Rockabilly Revivalist Robert Gordon Dies At 75

Washington [US]: One of the rockabilly’s earliest revivalists and a familiar presence in the Seventies New York City punk rock scene, Robert Gordon, passed away at the age of 75 on Tuesday.

According to Variety, no reason for dying was stated, despite the fact that his own family recently launched a GoFundMe campaign to help with his conflict with acute myeloid leukaemia. “Cleopatra Records would like to offer our deepest condolences to his family and pals. We liked working with Robert and could pass over his powerful baritone voice and focused willpower to his song,” wrote label VP Matt Green.

As per the reviews of Variety, the label is liberating “Hellafied,” Gordon’s farewell album, on November 25. It reunites him with British guitarist Chris Spedding all over again.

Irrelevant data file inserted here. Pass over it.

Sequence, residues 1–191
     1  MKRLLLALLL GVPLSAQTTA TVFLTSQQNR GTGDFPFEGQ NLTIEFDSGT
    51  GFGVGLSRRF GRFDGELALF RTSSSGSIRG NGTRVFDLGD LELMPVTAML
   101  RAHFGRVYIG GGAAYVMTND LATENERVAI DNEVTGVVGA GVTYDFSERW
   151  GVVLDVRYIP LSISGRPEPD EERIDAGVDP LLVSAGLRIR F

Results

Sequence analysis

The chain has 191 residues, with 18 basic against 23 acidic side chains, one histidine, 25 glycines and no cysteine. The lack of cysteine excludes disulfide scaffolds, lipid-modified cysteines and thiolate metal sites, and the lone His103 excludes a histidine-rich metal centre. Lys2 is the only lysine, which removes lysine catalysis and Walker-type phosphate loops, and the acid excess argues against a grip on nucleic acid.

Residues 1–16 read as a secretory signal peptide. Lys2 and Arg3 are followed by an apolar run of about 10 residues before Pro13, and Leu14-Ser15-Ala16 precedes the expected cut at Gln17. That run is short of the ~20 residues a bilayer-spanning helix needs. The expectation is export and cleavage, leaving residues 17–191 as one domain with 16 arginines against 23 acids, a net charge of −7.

According to Variety, Gordon, who was born on March 29, 1947, in Bethesda, Maryland, became an avid radio listener and record collector. They enjoyed the music of Eddie Cochran, Gene Vincent, and, of course, Elvis Presley. Gordon joined the National Guard to circumvent the Vietnam conscription, became married at 19, and had two children after acting in several neighborhood bands in his teenage years, such as the Confidentials and the Newports. Gordon and his family relocated to New York City to create a clothes shop in 1970. However, while bands like Blondie, Television, and the Ramones started to percent CBGB, Gordon’s interest was diverted to the metropolis’s budding punk scene.

Gordon’s upcoming album ‘Hellafied,’ which he co-wrote with Spedding and longtime collaborator Albert Bouchard, a former Blue Oyster Cult drummer, functions new original songs from the singer alone (“One Day Left”) in addition to a number of others that he wrote with Bouchard and Mark Barkan.

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